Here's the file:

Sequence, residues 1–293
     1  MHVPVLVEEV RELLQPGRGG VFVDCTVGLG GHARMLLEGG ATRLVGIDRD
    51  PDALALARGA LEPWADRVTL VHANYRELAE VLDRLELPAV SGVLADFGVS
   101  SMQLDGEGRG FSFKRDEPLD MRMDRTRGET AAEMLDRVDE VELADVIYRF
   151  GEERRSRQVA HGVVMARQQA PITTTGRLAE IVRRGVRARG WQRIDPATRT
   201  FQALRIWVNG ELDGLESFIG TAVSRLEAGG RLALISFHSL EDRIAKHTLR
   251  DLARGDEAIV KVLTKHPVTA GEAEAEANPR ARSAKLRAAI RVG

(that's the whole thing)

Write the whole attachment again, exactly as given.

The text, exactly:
Sequence, residues 1–293
     1  MHVPVLVEEV RELLQPGRGG VFVDCTVGLG GHARMLLEGG ATRLVGIDRD
    51  PDALALARGA LEPWADRVTL VHANYRELAE VLDRLELPAV SGVLADFGVS
   101  SMQLDGEGRG FSFKRDEPLD MRMDRTRGET AAEMLDRVDE VELADVIYRF
   151  GEERRSRQVA HGVVMARQQA PITTTGRLAE IVRRGVRARG WQRIDPATRT
   201  FQALRIWVNG ELDGLESFIG TAVSRLEAGG RLALISFHSL EDRIAKHTLR
   251  DLARGDEAIV KVLTKHPVTA GEAEAEANPR ARSAKLRAAI RVG